Configuring Auditing in SharePoint 2010
Configuring Auditing in SharePoint 2010
Auditing comes out of the box in SharePoint 2010. Although there is nothing to prevent you from doing so, auditing is not the tool to use to track what users are doing to satisfy curiosity. Auditing is something you do because you have to. It is something you are required to do in order to be compliant with a law, or standard, or some business rule. As long as we understand what we are required to audit, it's so easy to set up, even the fictional character The Mangler would do it, and he isn't one to want to comply with anything.
If you are interested in seeing how people are using your site collections and or sites, the built in Web Analytics tools are awesome in SharePoint 2010 and should give you everything you need there.
Auditing can be configured for a site collection, a list or library, or based on a content type as part of an organizations information management policy.
There are of course a few ways of going about this but I'm going to keep it simple.
In this blog I have created a site collection and based it on the Team Site template. I will configure auditing on the Shared Documents library.
I will configure auditing on the following:
- Opening or downloading documents, viewing items in lists, or viewing item properties.
- Editing Items
- Checking out or checking in items
- Moving or copying items to another location in the site
- Deleting or restoring items.
You will have to be a Site Collection Administrator in order to complete all the tasks in this blog.
I click on Library > Library Settings in the Shared Documents document library.
I click on Information management policy settings
I click on Document since that's what I'm auditing.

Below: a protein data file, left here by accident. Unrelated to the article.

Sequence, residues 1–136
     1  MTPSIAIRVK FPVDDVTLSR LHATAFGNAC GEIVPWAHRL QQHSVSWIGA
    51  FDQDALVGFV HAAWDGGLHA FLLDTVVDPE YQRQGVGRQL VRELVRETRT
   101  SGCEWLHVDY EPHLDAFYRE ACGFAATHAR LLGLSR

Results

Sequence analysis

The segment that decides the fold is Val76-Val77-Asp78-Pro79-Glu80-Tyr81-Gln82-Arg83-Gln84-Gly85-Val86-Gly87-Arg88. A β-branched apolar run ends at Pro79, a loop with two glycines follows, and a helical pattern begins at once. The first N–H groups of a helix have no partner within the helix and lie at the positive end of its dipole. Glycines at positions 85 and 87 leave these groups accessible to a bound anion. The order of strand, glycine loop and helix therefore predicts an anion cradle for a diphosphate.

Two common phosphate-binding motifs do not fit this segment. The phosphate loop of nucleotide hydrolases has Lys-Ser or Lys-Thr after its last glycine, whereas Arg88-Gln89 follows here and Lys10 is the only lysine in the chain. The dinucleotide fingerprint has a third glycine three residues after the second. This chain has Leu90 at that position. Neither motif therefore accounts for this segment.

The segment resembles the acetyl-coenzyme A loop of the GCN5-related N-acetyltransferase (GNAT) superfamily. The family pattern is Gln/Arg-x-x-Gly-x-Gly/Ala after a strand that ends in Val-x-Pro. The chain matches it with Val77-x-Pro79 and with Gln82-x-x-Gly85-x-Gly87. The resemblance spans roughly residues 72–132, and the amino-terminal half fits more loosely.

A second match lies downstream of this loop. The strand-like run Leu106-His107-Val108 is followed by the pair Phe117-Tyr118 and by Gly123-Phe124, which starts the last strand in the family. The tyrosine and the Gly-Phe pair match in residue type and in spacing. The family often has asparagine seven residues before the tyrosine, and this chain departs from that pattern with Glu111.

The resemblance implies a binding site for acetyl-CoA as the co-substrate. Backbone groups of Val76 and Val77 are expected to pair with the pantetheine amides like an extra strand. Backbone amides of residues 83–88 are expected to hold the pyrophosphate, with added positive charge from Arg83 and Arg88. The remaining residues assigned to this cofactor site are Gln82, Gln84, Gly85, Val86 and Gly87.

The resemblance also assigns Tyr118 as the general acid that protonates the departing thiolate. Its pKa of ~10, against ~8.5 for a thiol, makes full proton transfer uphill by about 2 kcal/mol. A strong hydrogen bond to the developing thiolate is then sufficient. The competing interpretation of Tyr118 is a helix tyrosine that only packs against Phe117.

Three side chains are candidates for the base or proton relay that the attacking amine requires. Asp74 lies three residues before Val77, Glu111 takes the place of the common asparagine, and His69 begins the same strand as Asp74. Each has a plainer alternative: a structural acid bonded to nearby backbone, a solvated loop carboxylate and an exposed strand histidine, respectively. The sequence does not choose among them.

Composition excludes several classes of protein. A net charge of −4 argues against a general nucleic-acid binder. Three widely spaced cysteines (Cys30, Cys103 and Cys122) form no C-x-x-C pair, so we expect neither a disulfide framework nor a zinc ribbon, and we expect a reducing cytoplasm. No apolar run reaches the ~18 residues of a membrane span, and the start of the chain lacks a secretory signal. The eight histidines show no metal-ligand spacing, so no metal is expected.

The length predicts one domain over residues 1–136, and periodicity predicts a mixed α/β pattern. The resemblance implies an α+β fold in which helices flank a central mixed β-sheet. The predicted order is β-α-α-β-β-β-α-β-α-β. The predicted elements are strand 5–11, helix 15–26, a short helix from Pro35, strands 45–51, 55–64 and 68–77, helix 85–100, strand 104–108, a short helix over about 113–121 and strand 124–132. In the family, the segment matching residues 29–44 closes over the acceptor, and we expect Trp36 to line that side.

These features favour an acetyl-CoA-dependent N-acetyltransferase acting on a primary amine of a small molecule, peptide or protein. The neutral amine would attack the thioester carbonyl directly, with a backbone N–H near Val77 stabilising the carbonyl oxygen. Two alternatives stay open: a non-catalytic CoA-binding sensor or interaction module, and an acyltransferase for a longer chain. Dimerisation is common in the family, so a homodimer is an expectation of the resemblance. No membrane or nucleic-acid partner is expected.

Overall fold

I select the checkbox next to Enable Auditing
Select Events to Audit
I select the events to audit by checking the box next to them. In this case I check all of them and then I click OK.
I verify the fact that Document has a Custom policy attached to it.
I added a bunch of documents to the Shared Documents Library, checked some out, deleted some, and restored them so now I'll check the audit log reports to make sure it's working. To do this I'll go Site Actions>Site Settings
Audit Log Reports
I click on Audit Log Reports in the Site Collection Administration section.
I can choose any of the reports that I want but if there is no data I will get an error saying there is not data. Since I know that I deleted and restored some items I'll choose Deletion.
I'll save this report to the Shared Documents Library, however in production this is where I create a document library with unique permissions so only Site Collection Administrators can see the contents. I click on Browse.
I select Shared Documents and click OK.
I click OK
I click to view the report.
the Big What Moment
I see a summary of my actions. The really important information however is in the Report Data Worksheet Tab so I click that at the bottom of the workbook.
This is the report data that can be tied into IIS logs and supply any required information.
There is much more to auditing but this is a good start. It's boring but it works.
SharePoint Instructor – Interface Technical Training
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auditing, Content Type, SharePoint 2010, site collections, sp360
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